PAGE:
This book is a good read, Hot Shoe Diaries, lots of great ideas and info. One of the things that stood out for me in the book was that to get good shots you have to understand your equipment intimately and manipulate it appropriately. TTL is not a magic bullet.

    Practice and testing are your friends here. Shooting with strobes is a skill that most people will never master. Don't worry, you can get there, after a few hundred shots you'll start seeing how it all works. After a few thousand you may be proficient.
    Mark Barendt, Ignacio, CO

    "We do not see things the way they are. We see things the way we are." Anaïs Nin

  6. #6

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    I found a couple of things about TTL and Nikon TTL
    1. The reflective of films varies quite a bit from type to type.
    2. Newer Nikon flash and cameras tend to underexpose while older ones are OK.

  7. #7

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    Subject Reflectance is More Important

    The differences in the reflectance of films are much less than the difference in the subject reflectance.

    Consider:

    Case 1: You photograph a fair-skinned bride in her white wedding gown against a light background.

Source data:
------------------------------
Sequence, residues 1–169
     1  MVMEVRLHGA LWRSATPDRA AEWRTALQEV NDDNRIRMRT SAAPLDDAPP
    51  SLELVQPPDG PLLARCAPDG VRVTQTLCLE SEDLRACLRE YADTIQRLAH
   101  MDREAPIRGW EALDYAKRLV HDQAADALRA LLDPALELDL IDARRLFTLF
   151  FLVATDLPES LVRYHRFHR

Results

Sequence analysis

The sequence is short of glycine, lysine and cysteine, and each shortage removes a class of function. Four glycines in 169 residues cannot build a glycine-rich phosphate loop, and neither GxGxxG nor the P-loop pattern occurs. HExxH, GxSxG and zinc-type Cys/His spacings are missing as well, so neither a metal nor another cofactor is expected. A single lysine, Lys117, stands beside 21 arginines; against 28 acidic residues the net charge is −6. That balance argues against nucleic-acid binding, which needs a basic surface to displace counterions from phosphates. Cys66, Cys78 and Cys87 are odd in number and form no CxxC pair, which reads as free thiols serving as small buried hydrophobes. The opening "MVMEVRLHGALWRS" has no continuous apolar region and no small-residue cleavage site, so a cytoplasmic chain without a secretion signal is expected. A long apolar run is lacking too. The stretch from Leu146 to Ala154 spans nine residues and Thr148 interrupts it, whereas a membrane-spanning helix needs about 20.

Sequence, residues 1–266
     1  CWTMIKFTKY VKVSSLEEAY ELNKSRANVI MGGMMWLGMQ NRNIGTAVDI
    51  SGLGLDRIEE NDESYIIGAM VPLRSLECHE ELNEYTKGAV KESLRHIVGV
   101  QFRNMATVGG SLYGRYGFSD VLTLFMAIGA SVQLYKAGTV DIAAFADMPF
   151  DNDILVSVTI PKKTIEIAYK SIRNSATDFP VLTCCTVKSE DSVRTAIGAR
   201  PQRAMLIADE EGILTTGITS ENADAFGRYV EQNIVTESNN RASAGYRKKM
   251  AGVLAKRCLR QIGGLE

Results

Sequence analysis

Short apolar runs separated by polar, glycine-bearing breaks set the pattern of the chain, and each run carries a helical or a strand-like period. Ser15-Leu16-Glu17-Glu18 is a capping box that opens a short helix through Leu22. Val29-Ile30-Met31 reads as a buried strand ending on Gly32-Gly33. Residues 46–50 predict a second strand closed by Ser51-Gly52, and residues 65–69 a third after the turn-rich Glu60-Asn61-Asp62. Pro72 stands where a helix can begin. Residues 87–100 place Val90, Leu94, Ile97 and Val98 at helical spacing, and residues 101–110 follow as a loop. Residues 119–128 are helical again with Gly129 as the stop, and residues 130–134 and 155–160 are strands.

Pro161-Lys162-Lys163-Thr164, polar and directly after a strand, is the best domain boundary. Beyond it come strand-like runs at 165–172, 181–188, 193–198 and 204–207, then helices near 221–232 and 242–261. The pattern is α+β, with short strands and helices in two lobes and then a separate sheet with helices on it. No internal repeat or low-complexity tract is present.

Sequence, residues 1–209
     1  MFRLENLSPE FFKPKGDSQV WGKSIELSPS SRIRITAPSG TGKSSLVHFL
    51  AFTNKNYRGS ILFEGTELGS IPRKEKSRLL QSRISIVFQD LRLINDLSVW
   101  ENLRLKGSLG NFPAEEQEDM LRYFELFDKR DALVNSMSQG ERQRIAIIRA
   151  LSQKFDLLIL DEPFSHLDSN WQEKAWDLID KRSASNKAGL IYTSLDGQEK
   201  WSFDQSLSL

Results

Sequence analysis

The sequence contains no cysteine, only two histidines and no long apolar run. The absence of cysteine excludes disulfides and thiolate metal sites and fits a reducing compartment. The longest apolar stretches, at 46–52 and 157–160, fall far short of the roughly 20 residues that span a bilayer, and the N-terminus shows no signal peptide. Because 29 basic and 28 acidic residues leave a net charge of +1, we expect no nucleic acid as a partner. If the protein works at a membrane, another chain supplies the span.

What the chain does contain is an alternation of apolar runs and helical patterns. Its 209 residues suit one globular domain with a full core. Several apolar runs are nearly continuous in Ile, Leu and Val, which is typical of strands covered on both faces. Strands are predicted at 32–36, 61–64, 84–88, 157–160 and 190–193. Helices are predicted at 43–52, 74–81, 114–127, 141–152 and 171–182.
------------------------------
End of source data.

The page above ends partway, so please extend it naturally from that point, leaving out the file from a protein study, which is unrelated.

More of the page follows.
Case 2: You photograph a dark-skinned man in a black suit against a dark background.

    I would expect a TTL flash to produce less exposure in case 1 than in case 2. Photo #1 is likely somewhat underexposed, while photo #2 may be overexposed.

    Automatic exposure is a big advantage to quick-working photography and helps us get a high percentage of usable exposures. But no camera or flash has a brain. It helps to slow down, analyze the situation, and modify the ASA on the flash to compensate for non-standard subject reflectance—even with TTL autoflash.

  8. #8
    2F/2F's Avatar
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    Quote Originally Posted by Ian C View Post
    The differences in the reflectance of films are much less than the difference in the subject reflectance.
    I was going to post something similar, but this was already here.

    Ah, the joys of in-camera reflected light meters...
    2F/2F

    "Truth and love are my law and worship. Form and conscience are my manifestation and guide. Nature and peace are my shelter and companions. Order is my attitude. Beauty and perfection are my attack."

    - Rob Tyner (1944 - 1991)

  9. #9
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    Quote Originally Posted by 2F/2F View Post
    Ah, the joys of in-camera reflected light meters...
    Yeah, that. :rolleyes:
    Mark Barendt, Ignacio, CO

    "We do not see things the way they are. We see things the way we are." Anaïs Nin

  10. #10
    wiltw's Avatar
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    I just used a spotmeter to measure the reflectance of some outdated Kodak (VPH) and Fuji (NPH) color neg and Fuji color transparency (Provia) films, and and Kodak B&W (TMX) emulsion. Compared to an 18% gray card,
    B&W emulsion is +0.7EV brighter,
    Kodak color neg is +0.5EV brighter
    and Fuji color neg film is +0.6EV brighter
    the Fuji transparency film is -0.2EV.

    Nevertheless, TTL with film is heads and shoulders superior to the DSLR eTTL/iTTL/xTTL garbage we live with today!